What I’ve Learned Lately … With Lynda Schab

Today I have the pleasure of introducing you to author Lynda Schab. Lynda and I met a few years ago through an online critique group and I can honestly say that I have absolutely loved any of her writing I’ve ever read. She has a fresh, funny, I-can-relate-to-everything-her-character’s-going-through writing voice that pulls you right into her stories. I have a feeling that if we ever get the chance to meet in person it will be like we’re old friends. 🙂

So, here’s Lynda with some things she’s learned lately.

“Four things you can’t recover: The stone, after the throw. The word, after it’s said. The occasion, after it’s missed. Time, after it’s gone.”

I’d never heard that quote until a friend posted it on Facebook. But I love it! It’s so true, isn’t it? The two that hit me the hardest were WORDS and TIME.

WORDS: How often have I blurted something out to my kids or my husband in the heat of the moment? Too many to count, that’s for sure. There have been so many times I wish I could take my words back. I say I’m sorry, but it’s too late. The damage has been done. The hurt has been handed out. There have even been times when my words (or someone’s words to me) were so hurtful that major work needed to be done to repair the damage and restore the trust.

With that in mind, what a responsibility we have as writers! The words we write will impact the lives of those who read them – whether for good or bad. And the critiques and feedback we offer other writers will also leave a mark. Of course, that doesn’t mean that everything we say or write has to be positive and cheery. But how we execute criticism and bathe a difficult or negative message we’re conveying is what’s important. Always speak the truth- particularly hard-to-hear truth – in love. Remember that once the words are out, we can’t take them back.

Some scriptures to keep in mind:

Proverbs 12:18
Reckless words pierce like a sword, but the tongue of the wise brings healing.

Proverbs 18:21
The tongue has the power of life and death, and those who love it will eat its fruit.

James 1:26
If anyone considers himself religious and yet does not keep a tight rein on his tongue, he deceives himself and his religion is worthless.

James 3:5
Likewise the tongue is a small part of the body, but it makes great boasts. Consider what a great forest is set on fire by a small spark.

TIME…man, how many opportunities to spend time with my kids have I missed? Again, too many! Even more, how many opportunities to spend time with God have I passed up? WAY too many. Which makes me wonder how many priceless memories, or imprints on my kids’ hearts, or breakthroughs in my spiritual walk have been lost because I didn’t spend my time wisely.

Oy…

In the same way, how many books could I have written by now if I had spent my time writing instead of playing computer games or watching television? It kills me to think about it.

I don’t know about you, but when I get to heaven, I want to make God proud of the ways I used the time He gave me on earth. I’m not saying that playing computer games or watching TV is a bad thing, just that I, personally, need to re-evaluate how I spend my time. And when I do, I’m sure I’ll realize I’ve wasted way too much of it.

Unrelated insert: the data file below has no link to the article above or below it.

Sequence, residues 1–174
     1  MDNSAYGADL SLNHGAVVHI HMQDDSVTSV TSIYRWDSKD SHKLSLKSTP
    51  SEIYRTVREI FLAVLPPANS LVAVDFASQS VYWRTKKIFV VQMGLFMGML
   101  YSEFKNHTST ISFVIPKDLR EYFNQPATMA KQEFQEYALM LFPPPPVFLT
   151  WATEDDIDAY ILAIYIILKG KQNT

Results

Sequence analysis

Ephesians 5:15-16
Be very careful, then, how you live—not as unwise but as wise, making the most of every opportunity, because the days are evil.

Colossians 4:5-6
Be wise in the way you act toward outsiders; make the most of every opportunity. Let your conversation be always full of grace, seasoned with salt, so that you may know how to answer everyone.

James 4:14-17
Why, you do not even know what will happen tomorrow. What is your life? You are a mist that appears for a little while and then vanishes. Instead, you ought to say, “If it is the Lord’s will, we will live and do this or that.” As it is, you boast and brag. All such boasting is evil. Anyone, then, who knows the good he ought to do and doesn’t do it, sins.

Basically, the quote about the four things you can’t recover has helped me to consider what’s truly important in life. How I act, what I say, and how I spend my time…these are things that affect not only my life (and others’ lives) here on earth, but that hold eternal value.

Something to think about today.

What I’ve Learned Lately … With Lisa Lickel

I’ve taken a couple of weeks off from the blogging world, thanks to work things and enjoying spring break with our kids. It’s nice to be back today, and especially nice to introduce you to author Lisa Lickel. Lisa and I met through American Christian Fiction Writers and are both posters over at the Favorite PASTimes historical blog. She’s also a regular contributor to other blogs that have great posts about writing and life in general. So, yes, she’s a busy lady!

Here’s the official short bio … Lisa Lickel is a Wisconsin writer who lives with her husband in a hundred and fifty-year-old house built by a Great Lakes ship captain. Surrounded by books and dragons, she writes inspiring fiction. Her novels include mystery and romance, all with a twist of grace. She has penned dozens of feature newspaper stories, short stories, magazine articles and radio theater. She is the editor in chief of Creative Wisconsin Magazine and loves to encourage new authors. Find her at LisaLickel.com.

And now here’s Lisa!

 

Learning Experiences in My Corner of Life

 

Thank you, Leigh, for having me.

 

A Matter of Perspective

 

I’m like a lot of you, I think — my mom calls fairly often. We live across the state from each other; in the winter, across the continent. I dread the question I know she’ll ask: “Anything new with your writing?”